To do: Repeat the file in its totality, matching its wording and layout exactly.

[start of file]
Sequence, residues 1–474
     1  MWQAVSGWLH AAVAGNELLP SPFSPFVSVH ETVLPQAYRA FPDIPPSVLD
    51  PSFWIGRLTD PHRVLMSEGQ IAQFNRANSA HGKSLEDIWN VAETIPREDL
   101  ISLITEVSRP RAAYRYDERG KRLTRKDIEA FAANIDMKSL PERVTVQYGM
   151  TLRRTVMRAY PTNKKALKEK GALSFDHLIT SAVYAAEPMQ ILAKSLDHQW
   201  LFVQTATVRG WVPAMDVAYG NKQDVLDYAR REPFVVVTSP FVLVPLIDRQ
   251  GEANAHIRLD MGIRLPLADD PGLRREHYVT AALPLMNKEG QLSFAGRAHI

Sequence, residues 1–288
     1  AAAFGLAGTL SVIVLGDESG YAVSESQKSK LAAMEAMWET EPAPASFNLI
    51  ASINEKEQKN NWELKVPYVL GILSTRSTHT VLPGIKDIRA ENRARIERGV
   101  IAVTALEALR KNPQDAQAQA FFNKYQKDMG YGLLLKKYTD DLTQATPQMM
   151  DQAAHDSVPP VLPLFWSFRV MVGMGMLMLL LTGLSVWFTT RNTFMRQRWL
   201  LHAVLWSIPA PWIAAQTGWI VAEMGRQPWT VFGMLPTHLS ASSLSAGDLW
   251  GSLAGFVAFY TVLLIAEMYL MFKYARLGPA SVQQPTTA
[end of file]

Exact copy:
Sequence, residues 1–474
     1  MWQAVSGWLH AAVAGNELLP SPFSPFVSVH ETVLPQAYRA FPDIPPSVLD
    51  PSFWIGRLTD PHRVLMSEGQ IAQFNRANSA HGKSLEDIWN VAETIPREDL
   101  ISLITEVSRP RAAYRYDERG KRLTRKDIEA FAANIDMKSL PERVTVQYGM
   151  TLRRTVMRAY PTNKKALKEK GALSFDHLIT SAVYAAEPMQ ILAKSLDHQW
   201  LFVQTATVRG WVPAMDVAYG NKQDVLDYAR REPFVVVTSP FVLVPLIDRQ
   251  GEANAHIRLD MGIRLPLADD PGLRREHYVT AALPLMNKEG QLSFAGRAHI

Sequence, residues 1–288
     1  AAAFGLAGTL SVIVLGDESG YAVSESQKSK LAAMEAMWET EPAPASFNLI
    51  ASINEKEQKN NWELKVPYVL GILSTRSTHT VLPGIKDIRA ENRARIERGV
   101  IAVTALEALR KNPQDAQAQA FFNKYQKDMG YGLLLKKYTD DLTQATPQMM
   151  DQAAHDSVPP VLPLFWSFRV MVGMGMLMLL LTGLSVWFTT RNTFMRQRWL
   201  LHAVLWSIPA PWIAAQTGWI VAEMGRQPWT VFGMLPTHLS ASSLSAGDLW
   251  GSLAGFVAFY TVLLIAEMYL MFKYARLGPA SVQQPTTA